how to paint bird feathers

How to paint plumage and feathers

Painting feathers and plumage is often a dreaded process for artists, but it doesn’t have to be complicated or difficult at all, even though it is undoubtedly time-consuming.

There are many different kinds of feathers nowadays, so if you want to paint birds, you should learn about the theory behind the various kinds of feathers and their functions. Feathers serve a variety of purposes, including decoration, weather protection, body insulation, and flight feathers—which are more rigid and obviously meant for flying.

My recommended method for handling feathers is very straightforward: I think that hand-painted feathers look far better than brushes with feather shapes that are repeated repeatedly or rows of feathers that are precisely repeated in layers that overlap.

I would sketch a basic outline first to determine the general shape, and then I would begin roughly shaping each feather. Make sure to add a gentle shadow along the edge of each feather where one feather overlaps the next to create the illusion of layers. You can begin detailing with the smudge tool on a nice base by maintaining a nice transition from dark to bright, and finish with a small, sharp brush.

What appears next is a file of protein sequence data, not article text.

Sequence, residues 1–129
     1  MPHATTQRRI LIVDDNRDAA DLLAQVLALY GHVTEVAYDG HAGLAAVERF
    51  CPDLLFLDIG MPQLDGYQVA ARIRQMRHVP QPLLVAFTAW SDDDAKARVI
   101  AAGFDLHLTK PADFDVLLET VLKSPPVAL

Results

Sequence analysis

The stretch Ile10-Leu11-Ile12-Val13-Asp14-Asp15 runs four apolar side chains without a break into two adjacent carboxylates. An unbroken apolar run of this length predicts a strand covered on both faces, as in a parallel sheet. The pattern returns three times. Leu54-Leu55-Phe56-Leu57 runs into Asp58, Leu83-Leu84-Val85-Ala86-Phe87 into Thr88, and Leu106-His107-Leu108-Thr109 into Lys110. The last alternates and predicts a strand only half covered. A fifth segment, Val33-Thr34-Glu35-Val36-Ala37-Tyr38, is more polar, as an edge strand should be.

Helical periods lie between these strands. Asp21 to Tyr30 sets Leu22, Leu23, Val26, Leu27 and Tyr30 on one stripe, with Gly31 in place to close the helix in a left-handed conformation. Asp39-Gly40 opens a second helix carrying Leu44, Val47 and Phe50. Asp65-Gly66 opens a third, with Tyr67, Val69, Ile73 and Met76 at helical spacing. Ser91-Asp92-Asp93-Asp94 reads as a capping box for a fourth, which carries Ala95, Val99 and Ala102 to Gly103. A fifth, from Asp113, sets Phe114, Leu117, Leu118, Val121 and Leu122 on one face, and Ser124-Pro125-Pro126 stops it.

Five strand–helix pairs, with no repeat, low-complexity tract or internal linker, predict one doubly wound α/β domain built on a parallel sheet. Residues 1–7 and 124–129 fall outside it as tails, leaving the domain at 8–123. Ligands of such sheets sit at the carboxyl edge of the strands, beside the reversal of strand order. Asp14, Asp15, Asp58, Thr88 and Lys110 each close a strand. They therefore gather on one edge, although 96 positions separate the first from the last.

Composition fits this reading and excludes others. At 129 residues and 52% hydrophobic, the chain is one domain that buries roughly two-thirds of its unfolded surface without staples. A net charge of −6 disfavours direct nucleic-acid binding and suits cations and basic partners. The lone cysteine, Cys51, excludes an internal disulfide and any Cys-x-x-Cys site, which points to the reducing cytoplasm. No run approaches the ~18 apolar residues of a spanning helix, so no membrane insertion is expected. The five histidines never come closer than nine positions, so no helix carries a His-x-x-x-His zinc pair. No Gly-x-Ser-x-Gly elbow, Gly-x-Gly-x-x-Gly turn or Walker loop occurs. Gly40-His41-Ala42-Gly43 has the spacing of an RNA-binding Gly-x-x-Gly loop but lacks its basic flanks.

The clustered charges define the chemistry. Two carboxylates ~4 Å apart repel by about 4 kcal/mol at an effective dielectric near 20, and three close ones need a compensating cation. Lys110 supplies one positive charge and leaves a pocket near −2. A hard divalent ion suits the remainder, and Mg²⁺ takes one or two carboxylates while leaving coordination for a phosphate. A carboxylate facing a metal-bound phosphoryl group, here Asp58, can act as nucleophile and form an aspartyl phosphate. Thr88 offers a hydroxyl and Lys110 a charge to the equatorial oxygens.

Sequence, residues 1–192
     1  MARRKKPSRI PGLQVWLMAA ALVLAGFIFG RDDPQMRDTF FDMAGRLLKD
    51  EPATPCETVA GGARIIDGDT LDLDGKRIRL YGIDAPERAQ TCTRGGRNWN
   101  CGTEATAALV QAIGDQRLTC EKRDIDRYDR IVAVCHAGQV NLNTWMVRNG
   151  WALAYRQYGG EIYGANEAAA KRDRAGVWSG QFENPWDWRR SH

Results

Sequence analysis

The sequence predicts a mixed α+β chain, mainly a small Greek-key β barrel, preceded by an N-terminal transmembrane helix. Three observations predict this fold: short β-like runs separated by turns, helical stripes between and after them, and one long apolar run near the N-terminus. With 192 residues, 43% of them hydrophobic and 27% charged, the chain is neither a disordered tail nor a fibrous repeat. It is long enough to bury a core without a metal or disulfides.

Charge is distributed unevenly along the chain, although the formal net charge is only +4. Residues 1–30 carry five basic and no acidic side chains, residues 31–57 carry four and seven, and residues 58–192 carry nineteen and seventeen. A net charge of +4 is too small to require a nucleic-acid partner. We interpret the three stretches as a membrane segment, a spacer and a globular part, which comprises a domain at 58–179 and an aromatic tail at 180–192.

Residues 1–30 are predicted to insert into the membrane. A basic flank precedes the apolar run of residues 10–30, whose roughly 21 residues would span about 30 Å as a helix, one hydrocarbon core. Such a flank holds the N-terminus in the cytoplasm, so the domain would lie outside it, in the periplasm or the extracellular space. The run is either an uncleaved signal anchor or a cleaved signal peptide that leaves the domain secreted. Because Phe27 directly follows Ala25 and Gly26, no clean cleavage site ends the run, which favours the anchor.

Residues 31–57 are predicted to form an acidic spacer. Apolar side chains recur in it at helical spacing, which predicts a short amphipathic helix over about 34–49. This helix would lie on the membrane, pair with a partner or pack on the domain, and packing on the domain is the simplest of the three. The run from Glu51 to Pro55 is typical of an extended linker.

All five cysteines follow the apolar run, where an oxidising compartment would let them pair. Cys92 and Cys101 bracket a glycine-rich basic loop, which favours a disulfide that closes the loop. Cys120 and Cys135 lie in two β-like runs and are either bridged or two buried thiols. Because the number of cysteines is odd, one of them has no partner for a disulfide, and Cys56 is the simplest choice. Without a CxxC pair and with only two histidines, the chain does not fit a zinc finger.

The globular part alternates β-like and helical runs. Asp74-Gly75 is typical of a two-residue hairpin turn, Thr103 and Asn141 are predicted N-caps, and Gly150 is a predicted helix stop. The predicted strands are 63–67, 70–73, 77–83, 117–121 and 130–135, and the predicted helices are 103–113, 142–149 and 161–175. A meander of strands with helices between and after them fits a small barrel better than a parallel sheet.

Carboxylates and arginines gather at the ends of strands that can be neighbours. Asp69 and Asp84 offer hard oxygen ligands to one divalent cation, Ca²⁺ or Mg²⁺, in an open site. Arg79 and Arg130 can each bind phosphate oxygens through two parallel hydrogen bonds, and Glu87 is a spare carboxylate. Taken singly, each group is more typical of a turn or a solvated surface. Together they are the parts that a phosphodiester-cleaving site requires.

Blocking in coarse hues and contrasts at first creates a solid foundation for the subsequent detailing procedure. At this point, don’t play around; just be brave and put in the hard labor.

Step 1 – Get the basic shape up, and start painting in contrast.

Draw a rough sketch of each feather and the fundamental forms of the plumage you intend to paint. Do not forget to arrange the feathers in overlapping layers atop one another. Seeing images of birds and their wings is always beneficial in order to comprehend the way that the feathers overlap.

FAQ

Can you paint real feathers?

Feathers can be a perfect canvas for any artist. Not only are the feathers themselves beautiful, they offer a blank slate for an infinite number of paintings. In this Instructable we go over the basic steps of painting on a feather, with numerous tips and pointers along the way.

How do you feather paint with a brush?

When using a brush, “feather” the edges, beginning at the inside of the touch-up, moving out toward the edges. Feathering is a technique where you extend your brush strokes slightly beyond the repaired area to blend into the surrounding paint for a smooth transition.